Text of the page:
Synonyms: Pyrus scopulina, Sorbus cascadensis, Sorbus scopulina var. cascadensis, Sorbus scopulina var. scopulina
Cascade mountain ash is also known as Western or Greene's Mountain Ash. It is an erect, several-stemmed deciduous shrub or small tree from 1-4 meters in height. The twigs are round, 2-4 mm in diameter and brown in coloration, with wrinkled and slightly short hairy surfaces that have vertical, white or orange raised areas. The winter buds are dark brown, glandular, and covered with white hairs.
The leaves are alternate on the stems. Individual leaves are pinnately compound, with 9-13 leaflets. The leaflets are narrowly oblong or oblong-elliptic to oblong-lanceolate in shape, and range from 3-7 cm long and usually less than 1/3 as wide. The leaflets are serrate margined much of their circumference. The tips of the leaflets may be acutely pointed, or more commonly blunt with a short point at the tip.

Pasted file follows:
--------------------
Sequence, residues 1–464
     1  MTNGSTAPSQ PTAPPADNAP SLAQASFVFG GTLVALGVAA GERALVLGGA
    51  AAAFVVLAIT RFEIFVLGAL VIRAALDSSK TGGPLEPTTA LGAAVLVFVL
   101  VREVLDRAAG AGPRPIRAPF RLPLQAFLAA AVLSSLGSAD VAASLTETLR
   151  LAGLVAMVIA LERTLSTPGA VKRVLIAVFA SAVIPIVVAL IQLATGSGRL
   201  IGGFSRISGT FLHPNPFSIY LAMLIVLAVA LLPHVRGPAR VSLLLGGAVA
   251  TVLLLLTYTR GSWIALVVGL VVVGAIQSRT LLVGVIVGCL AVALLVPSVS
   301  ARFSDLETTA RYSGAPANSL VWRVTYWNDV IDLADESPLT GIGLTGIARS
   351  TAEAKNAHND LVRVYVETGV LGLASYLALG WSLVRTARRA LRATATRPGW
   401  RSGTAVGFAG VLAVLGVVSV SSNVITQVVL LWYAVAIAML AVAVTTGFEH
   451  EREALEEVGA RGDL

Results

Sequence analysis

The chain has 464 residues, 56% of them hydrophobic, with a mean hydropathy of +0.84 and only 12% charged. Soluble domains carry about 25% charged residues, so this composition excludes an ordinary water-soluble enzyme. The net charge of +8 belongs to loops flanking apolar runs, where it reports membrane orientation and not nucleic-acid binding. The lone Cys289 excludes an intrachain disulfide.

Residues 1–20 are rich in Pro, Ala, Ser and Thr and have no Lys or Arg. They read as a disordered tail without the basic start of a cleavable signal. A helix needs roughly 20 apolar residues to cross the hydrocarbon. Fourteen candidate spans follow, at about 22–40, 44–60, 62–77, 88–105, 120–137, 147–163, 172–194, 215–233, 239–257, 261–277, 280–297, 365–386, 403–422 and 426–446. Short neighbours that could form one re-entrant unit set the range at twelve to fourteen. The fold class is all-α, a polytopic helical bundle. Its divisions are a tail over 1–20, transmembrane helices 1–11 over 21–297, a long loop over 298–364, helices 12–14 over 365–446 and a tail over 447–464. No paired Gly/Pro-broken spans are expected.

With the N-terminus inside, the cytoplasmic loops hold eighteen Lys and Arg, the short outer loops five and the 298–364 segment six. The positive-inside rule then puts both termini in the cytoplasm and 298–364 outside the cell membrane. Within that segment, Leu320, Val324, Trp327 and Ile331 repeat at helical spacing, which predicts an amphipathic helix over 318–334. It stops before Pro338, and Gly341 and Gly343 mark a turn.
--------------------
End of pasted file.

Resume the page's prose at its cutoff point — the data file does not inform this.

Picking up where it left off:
The inflorescence is a flat-topped cluster or corymb of 70-200 small white flowers. The calyx of each flower is covered with white hairs. Each of the 5 petals is oval in shape and from 5-6 mm long. The fruits are small (1 cm long) and glossy orange to scarlet in color. The fruits are found in clusters.
var. cascadensis -
var. scopulina -
The fruits are an important food source for both birds and small mammals during the winter months. The western species of mountain ash have not been as extensively used for horticultural purposes as the eastern species, although Cascade mt. ash is well suited for such purposes.
Cascade mountain ash is found in upland woods from the foothills to subalpine or alpine slopes.
Cascade mountain ash may be found from Alaska south to northern California, and east to Alberta, the Dakotas, and New Mexico. In the Pacific Northwest, it is found on both sides of the Cascades, but is most common east of the Cascade crest.